22 comments

  • Marc EdwardsMarc Edwards, 4 years ago (edited 4 years ago )

    Take a look at the image below of a square next to a circle. When the circle is mathematically the same height as the square it appears to be too small.

    Because they are not the same area. If you want them to be the same visual weight, there is always a mathematical solution, you just have to find it.

    Circle diameter = sqrt(area/pi) × 2

    For an area of 1, that’s 1.128379.

    If you want your circles to look the same weight as your squares, scale them by 112.8379%.

    Most people think all you need to do is change the colour to white and you’re done. But… that’s not the case. Something weird happens… the logo actually looks ‘fatter’. The contrasting difference has made the exact same logo look like it’s put on some weight!… weird right? This illusion is called Irradiation Phenomenon.

    I'm not disputing Irradiation Phenomenon and the other tricks our brains play on us, but it is also worth paying some attention to ink bleed in printing, and shoddy antialiasing for screen design. There’s sometimes a technical reason why things look wrong, and I’d tend to try to observe those before making guesstimate adjustments to your artwork.

    13 points
    • Jacob TaylorJacob Taylor, 4 years ago

      What designer, realistically, is going to spend their time working out a formula like that?

      3 points
      • Dirk HCM van BoxtelDirk HCM van Boxtel, 4 years ago

        Well I don't want to say "the ones that give a fuck about their work", but; the ones that give a fuck about their work.

        When I read stuff like that, my brain picks it up because it's information that will help me become a better designer. From here on out, I'll remember 112%. Or 110% at least. Which makes me a better designer. Even if it's just by 0.1%.

        C'mon man. Use your skills of empathy. A designer's strongest asset. Try and think of a reason why you SHOULD use a formula like that. A single case where it would be useful.

        I'll do one. Maybe when you're working on a logo for a big important client that will lead you to more work. And you just can't get it to feel right. That 112% might be the saviour. And then during your presentation to the client, when they raise a point about the circle and the square not being the same size, you can tell them about visual weight and even give the percentage! They'll be crazy impressed and hire you for that oh-so-important phase 2 where you get to do the website! BAM. Difference maker.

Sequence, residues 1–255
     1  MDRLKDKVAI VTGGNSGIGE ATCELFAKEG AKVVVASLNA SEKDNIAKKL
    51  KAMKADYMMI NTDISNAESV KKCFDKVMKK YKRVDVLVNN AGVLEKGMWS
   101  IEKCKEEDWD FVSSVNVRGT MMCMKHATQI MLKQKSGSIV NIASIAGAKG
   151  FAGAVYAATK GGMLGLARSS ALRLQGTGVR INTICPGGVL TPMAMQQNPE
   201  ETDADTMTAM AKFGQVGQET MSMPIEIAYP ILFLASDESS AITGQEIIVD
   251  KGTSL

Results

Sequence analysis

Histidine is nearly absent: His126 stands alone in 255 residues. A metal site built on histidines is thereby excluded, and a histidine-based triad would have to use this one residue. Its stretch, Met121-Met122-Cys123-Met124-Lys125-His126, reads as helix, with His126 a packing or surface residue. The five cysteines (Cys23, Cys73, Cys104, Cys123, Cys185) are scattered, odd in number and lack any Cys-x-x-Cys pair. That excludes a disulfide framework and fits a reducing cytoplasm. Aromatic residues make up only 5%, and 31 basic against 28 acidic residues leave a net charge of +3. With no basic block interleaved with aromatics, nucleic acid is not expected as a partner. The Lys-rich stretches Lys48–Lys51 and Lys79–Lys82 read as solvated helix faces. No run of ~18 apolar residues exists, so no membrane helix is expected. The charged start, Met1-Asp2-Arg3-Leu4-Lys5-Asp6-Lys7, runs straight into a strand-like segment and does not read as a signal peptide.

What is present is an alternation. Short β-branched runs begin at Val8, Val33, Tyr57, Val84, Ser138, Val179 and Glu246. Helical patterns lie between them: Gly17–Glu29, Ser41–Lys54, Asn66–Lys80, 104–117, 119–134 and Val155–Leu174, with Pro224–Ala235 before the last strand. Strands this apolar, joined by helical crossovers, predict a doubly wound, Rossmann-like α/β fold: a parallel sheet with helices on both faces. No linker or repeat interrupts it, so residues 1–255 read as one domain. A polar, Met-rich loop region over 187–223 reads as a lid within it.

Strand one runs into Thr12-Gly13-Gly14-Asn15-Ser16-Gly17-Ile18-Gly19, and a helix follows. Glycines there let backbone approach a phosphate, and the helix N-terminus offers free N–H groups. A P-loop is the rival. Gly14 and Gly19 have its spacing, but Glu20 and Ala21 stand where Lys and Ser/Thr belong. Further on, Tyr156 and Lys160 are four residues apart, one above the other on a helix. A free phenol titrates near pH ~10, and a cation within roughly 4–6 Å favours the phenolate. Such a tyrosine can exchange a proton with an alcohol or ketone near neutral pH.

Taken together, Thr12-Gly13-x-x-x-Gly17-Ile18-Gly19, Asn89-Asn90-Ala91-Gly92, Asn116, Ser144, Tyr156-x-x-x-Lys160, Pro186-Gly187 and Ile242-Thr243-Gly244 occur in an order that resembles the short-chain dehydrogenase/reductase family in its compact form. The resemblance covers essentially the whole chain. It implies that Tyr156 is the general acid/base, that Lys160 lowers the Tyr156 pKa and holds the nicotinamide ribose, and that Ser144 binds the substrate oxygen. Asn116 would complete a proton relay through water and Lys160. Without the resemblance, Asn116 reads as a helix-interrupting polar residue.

Don't ever discount theory.

        9 points
      • Marc EdwardsMarc Edwards, 4 years ago

        What designer, realistically, is going to spend their time working out a formula like that?

        I didn't work out the formula, it’s well known and only took a few seconds to find. The difficult part would be knowing that you want to balance by area, rather than by lining up using guides.

        I think the question is more: If you see an issue with something not balancing, you should question why, rather than just saying “I’ll fudge this a little until it’s kind of correct”.

        I hate kind-of-correct. Kind-of-correct is not correct.

        8 points
        • Jacob TaylorJacob Taylor, 4 years ago

          I hate kind-of-correct. Kind-of-correct is not correct.

          Depends what your definition of 'correct' is. If it looks visually correct, I couldn't care less if it was mathematically correct.

          If I care about maths I'd be a developer.

          Wasn't that the whole point of the article?

          0 points
          • Marc EdwardsMarc Edwards, 4 years ago

            I’m surprised at your comment. I don’t know how I’d design without maths.

            And, ignoring the maths involved doesn’t mean it don’t exist.

            2 points
    • Dominic SebastianDominic Sebastian, 4 years ago

      I know you're written pretty extensively on this area Marc, but have you found any other good sources of truth for these kinds of design hacks? Or is your process always - that doesn't look quite right... search for why. Rinse and repeat ?

      0 points
      • Marc EdwardsMarc Edwards, 4 years ago

        I haven’t seen a good source of help on this, but it would be great if someone documented common design issues (like overshooting curves) with some research and maths for possible solutions that can be replicated in our work. Maybe someone has already done that?

        It may not have come across this way, but I’m all for adjusting things as you see fit, or hunting for maths involved. Both are good and I definitely wouldn’t expect everyone to turn a 5 min design task into a thesis and search for some ultimate answer to whatever they’re trying to solve.

        But, I also don’t like hand-wavy “optical corrections”. I don’t think suggestions like that help beginners or experienced designers. There’s nothing concrete you can replicate in your own work. “Oh, I just move things around until they look good” isn’t helpful advice.

        0 points
    • phil helmphil helm, 4 years ago

      Actually the author is discussing the visual height (not weight) of the circle compared to the square.